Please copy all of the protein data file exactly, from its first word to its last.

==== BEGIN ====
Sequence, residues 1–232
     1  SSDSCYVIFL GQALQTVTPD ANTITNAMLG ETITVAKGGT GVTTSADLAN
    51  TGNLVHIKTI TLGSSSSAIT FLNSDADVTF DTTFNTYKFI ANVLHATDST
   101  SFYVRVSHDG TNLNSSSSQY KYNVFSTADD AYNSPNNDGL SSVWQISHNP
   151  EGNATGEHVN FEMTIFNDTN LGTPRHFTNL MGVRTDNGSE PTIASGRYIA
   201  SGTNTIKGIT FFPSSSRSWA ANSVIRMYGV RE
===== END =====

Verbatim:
Sequence, residues 1–232
     1  SSDSCYVIFL GQALQTVTPD ANTITNAMLG ETITVAKGGT GVTTSADLAN
    51  TGNLVHIKTI TLGSSSSAIT FLNSDADVTF DTTFNTYKFI ANVLHATDST
   101  SFYVRVSHDG TNLNSSSSQY KYNVFSTADD AYNSPNNDGL SSVWQISHNP
   151  EGNATGEHVN FEMTIFNDTN LGTPRHFTNL MGVRTDNGSE PTIASGRYIA
   201  SGTNTIKGIT FFPSSSRSWA ANSVIRMYGV RE